# Computing $\sum\limits_{n=1}^q {1\over (kn-1)(kn)(kn+1)}$ as a telescoping series, when $k\geqslant3$?

One knows that $$S_1(q)=\sum_{n=1}^q {1\over (n-1)(n)(n+1)} = \sum_{n=1}^q\frac12\left({\frac{1}{(n-1)n}-\frac{1}{n(n+1)}}\right)$$ and the RHS can be easily telescoped. The same approach works for $$S_2(q)=\sum_{n=1}^q {1\over (2n-1)(2n)(2n+1)}$$ However, for $$S_3(q)=\sum_{n=1}^q {1\over (3n-1)(3n)(3n+1)}$$ it is impossible to telescope using the same method than in the two cases above. So:

How should $$S_k(q)=\sum_{n=1}^q {1\over (kn-1)(kn)(kn+1)}$$ where $k\geqslant3$ is an integer, be telescoped?

• The first line needs a sum on the right-hand-side. – Michael Burr Apr 15 '17 at 13:44
• Thank you for mentioning, any ideas to my questions? – MathEnthusiast Apr 15 '17 at 13:46
• Sure you would not be interested by the sum of the infinite series rather than its partial sums? – Did Apr 15 '17 at 14:15
• – lab bhattacharjee Apr 15 '17 at 14:24
• @labbhattacharjee ...None of which touches the case $k\geqslant3$. – Did Apr 15 '17 at 14:27

Partial fractions:

$$\frac1{(3n-1)3n(3n+1)}=\frac a{3n-1}+\frac b{3n}+\frac c{3n+1}\implies$$

$$1=3an(3n+1)+b(3n-1)(3n+1)+3cn(3n-1)$$

Now, attach values to $\;n\;$ to get the values $\;a,b,c\;$ :

\begin{align*}&n=0\implies&1=-b\\{}\\ &n=\frac13\implies&1=2a\implies a=\frac12\\{}\\ &n=-\frac13\implies&-1=-2c\implies c=\frac12\end{align*}

Thus:

$$\frac1{(3n-1)3n(3n+1)}=\frac12\left(\frac1{3n-1}-\frac2{3n}+\frac1{3n+1}\right)$$

• Yes, I did manage to complete until here, but how does it telescope? Sorry, may need more help. – MathEnthusiast Apr 15 '17 at 14:01
• Your proof for this part applies to every $k\geqslant3$, replacing each $3$ by $k$... – Did Apr 15 '17 at 14:02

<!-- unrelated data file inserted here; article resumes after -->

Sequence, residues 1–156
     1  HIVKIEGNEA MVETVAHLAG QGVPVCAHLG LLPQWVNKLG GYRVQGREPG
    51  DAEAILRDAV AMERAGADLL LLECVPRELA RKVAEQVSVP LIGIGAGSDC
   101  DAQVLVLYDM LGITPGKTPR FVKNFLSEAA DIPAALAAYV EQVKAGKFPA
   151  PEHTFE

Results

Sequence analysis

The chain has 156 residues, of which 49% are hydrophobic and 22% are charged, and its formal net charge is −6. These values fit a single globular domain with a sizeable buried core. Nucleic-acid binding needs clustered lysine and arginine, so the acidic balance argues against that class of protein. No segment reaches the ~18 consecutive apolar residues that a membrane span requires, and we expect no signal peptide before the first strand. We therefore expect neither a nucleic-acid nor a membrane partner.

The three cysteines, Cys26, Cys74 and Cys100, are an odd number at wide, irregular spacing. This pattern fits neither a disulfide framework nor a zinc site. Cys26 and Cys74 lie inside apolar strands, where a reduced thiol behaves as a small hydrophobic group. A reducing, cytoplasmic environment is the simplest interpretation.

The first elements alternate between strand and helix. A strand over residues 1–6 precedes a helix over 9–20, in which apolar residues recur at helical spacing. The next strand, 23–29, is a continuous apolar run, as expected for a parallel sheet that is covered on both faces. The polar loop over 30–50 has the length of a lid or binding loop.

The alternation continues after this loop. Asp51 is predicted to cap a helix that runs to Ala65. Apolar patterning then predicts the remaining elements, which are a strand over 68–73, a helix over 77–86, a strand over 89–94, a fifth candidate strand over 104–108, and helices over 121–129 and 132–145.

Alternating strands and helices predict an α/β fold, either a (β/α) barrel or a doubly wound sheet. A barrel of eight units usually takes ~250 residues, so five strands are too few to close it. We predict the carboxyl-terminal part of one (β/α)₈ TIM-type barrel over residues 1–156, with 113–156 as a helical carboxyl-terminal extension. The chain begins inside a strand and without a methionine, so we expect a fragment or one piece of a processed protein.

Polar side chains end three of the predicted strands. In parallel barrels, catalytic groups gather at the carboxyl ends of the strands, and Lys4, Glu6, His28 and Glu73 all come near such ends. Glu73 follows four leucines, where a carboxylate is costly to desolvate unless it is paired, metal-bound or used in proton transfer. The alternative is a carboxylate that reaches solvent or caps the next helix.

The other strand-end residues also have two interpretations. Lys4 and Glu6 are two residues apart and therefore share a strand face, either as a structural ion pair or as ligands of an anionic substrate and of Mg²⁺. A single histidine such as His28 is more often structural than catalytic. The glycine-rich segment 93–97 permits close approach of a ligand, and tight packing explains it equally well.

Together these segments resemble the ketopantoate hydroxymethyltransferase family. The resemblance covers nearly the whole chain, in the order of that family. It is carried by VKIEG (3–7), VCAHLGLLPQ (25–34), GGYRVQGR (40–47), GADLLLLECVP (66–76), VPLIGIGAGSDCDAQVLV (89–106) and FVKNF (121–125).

• I know that, the question that I have right now is according to how telescoping series work, intermediate terms will cancel, right now I can't seem to find any intermediate terms to cancel out. I am just very bad. – MathEnthusiast Apr 15 '17 at 14:07
• @MathEnthusiast Sorry, I must have understood something different: in the above there is no cancellation at all, of course, as every denominator has a different residue modulo $\;3\;$ ... – DonAntonio Apr 15 '17 at 14:18
• Alright, it's ok, it might help, +1 – MathEnthusiast Apr 15 '17 at 14:20

As you have noted, in the case of $$k=1$$, we can use Partial Fractions: \begin{align} \frac1{(n-1)n(n+1)} &=\frac{1/2}{n-1}-\frac1n+\frac{1/2}{n+1}\\ &=\frac12\left(\frac1{n-1}-\frac1n\right)-\frac12\left(\frac1n-\frac1{n+1}\right)\tag{1} \end{align}

The case for $$k=2$$ is not as easy $$\frac1{(2n-1)2n(2n+1)} =\frac{1/2}{2n-1}-\frac1{2n}+\frac{1/2}{2n+1}\tag{2}$$ The partial sums are hard to evaluate, though the infinite sum can be computed as an alternating harmonic series: \begin{align} \sum_{n=1}^\infty\frac1{(2n-1)2n(2n+1)} &=\sum_{n=1}^\infty\left(\frac{1/2}{2n-1}-\frac1{2n}+\frac{1/2}{2n+1}\right)\\ &=\sum_{n=1}^\infty\left(\frac{1/2}{2n-1}-\frac1{2n}\right)+\sum_{n=2}^\infty\left(\frac{1/2}{2n-1}\right)\\ &=\underbrace{\sum_{n=1}^\infty\left(\frac1{2n-1}-\frac1{2n}\right)}_{\text{alternating harmonic series}}-\frac12\\ &=\log(2)-\frac12\tag{3} \end{align}

For $$k\gt2$$, even the infinite sums are hard because the terms for different $$k$$ do not overlap. Something other than telescoping series needs to be used. \begin{align} \sum_{n=1}^\infty\frac1{(kn-1)kn(kn+1)} &=\sum_{n=1}^\infty\left(\frac{1/2}{kn-1}-\frac1{kn}+\frac{1/2}{kn+1}\right)\\ &=-\frac1{2k}\sum_{n=1}^\infty\left(\frac1n-\frac1{n-1/k}\right)-\frac1{2k}\sum_{n=1}^\infty\left(\frac1n-\frac1{n+1/k}\right)\\ &=-\frac1{2k}\left(H_{-1/k}+H_{1/k}\right)\tag{4} \end{align} where $$H_x$$ is the extended Harmonic number as described in this answer. That answer shows how to compute certain values, but more can be computed.